5 Dead Horror Game Series We'd Love to See Revived
Tis the season to turn off the lights, huddle around the glow of your television, and scare yourself silly playing some spooky video games. As we played and reminisced about our favorite scary video games ever, we wondered why so many great series ended. With that in mind, we decided to look back and pick some of these amazing horror game series that have fallen away and remind you that we need more.
1. Silent Hill
The Silent Hill franchise left an indelible mark on the horror genre and gaming as a whole. Silent Hill and Silent Hill 2 are still two of the greatest horror games ever created and will cause nightmares despite being developed 20 years ago.
However, a numbered Silent Hill has not been released since 2004, and the last official installment of the series hit seven years ago (Silent Hill: Downpour). No series on this list is quite as heartbreaking as Silent Hills when you remember the phenomenon that was P.T.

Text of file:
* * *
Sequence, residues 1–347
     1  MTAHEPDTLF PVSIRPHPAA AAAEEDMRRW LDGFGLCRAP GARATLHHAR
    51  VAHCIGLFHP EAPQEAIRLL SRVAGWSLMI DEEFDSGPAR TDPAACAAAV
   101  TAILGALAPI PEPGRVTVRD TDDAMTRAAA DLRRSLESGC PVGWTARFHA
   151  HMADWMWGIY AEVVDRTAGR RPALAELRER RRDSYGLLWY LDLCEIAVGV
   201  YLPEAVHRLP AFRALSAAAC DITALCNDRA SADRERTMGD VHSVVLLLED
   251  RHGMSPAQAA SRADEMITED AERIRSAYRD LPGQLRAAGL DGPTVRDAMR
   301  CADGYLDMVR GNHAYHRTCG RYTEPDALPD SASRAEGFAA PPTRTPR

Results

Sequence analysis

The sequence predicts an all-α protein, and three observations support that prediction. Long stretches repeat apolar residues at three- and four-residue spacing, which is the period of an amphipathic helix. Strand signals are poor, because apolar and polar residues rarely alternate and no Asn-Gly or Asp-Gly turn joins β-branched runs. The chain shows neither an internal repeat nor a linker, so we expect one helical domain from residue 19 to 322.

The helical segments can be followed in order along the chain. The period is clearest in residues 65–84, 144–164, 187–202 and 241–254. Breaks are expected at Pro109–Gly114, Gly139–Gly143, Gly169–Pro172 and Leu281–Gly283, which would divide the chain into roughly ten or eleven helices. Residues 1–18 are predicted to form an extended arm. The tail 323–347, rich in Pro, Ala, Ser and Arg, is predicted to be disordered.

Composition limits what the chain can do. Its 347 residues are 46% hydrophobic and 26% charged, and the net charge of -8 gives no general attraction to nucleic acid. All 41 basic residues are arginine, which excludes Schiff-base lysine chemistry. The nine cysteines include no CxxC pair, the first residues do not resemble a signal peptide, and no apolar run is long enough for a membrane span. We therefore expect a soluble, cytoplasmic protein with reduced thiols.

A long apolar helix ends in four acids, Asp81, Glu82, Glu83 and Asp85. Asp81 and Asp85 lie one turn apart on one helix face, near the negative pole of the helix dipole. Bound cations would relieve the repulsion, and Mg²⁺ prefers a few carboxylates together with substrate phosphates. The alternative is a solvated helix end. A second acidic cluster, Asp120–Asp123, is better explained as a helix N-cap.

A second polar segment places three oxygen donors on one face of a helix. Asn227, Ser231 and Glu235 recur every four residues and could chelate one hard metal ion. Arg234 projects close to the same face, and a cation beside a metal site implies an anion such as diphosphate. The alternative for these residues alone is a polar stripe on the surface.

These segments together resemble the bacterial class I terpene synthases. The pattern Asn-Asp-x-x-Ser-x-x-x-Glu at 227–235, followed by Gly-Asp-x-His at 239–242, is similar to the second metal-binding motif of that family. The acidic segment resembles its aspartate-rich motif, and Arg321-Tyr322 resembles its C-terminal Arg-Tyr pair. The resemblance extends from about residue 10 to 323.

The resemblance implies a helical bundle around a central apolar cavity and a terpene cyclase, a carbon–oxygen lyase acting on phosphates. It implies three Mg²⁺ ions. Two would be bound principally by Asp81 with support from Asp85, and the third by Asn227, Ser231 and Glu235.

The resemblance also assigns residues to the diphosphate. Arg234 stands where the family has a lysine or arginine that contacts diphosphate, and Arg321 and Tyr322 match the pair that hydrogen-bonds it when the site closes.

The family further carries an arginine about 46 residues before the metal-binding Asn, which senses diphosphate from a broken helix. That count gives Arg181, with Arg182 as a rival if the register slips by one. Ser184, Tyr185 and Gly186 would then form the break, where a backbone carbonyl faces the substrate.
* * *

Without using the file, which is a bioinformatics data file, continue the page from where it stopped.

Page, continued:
P.T. is still widely regarded as one of the best horror games ever despite being nothing more than a playable teaser. Little did terrified PlayStation users realize that P.T. was actually a teaser for Silent Hills, the ninth installment in the series. However, the game ended up being canceled, and Konami removed P.T. from the PlayStation Network. Fans were unable to re-download the game, which caused PlayStations with the game downloaded on it selling for hundreds of dollars.
Silent Hill helped revolutionize the horror gaming genre, whether that be with their third-person view and 3D environments in 1999 or doing so again in 2014 with their terrifying first-person perspective and reliance on mental anguish. All of horror is better off when the folks at Konami are making Silent Hill games.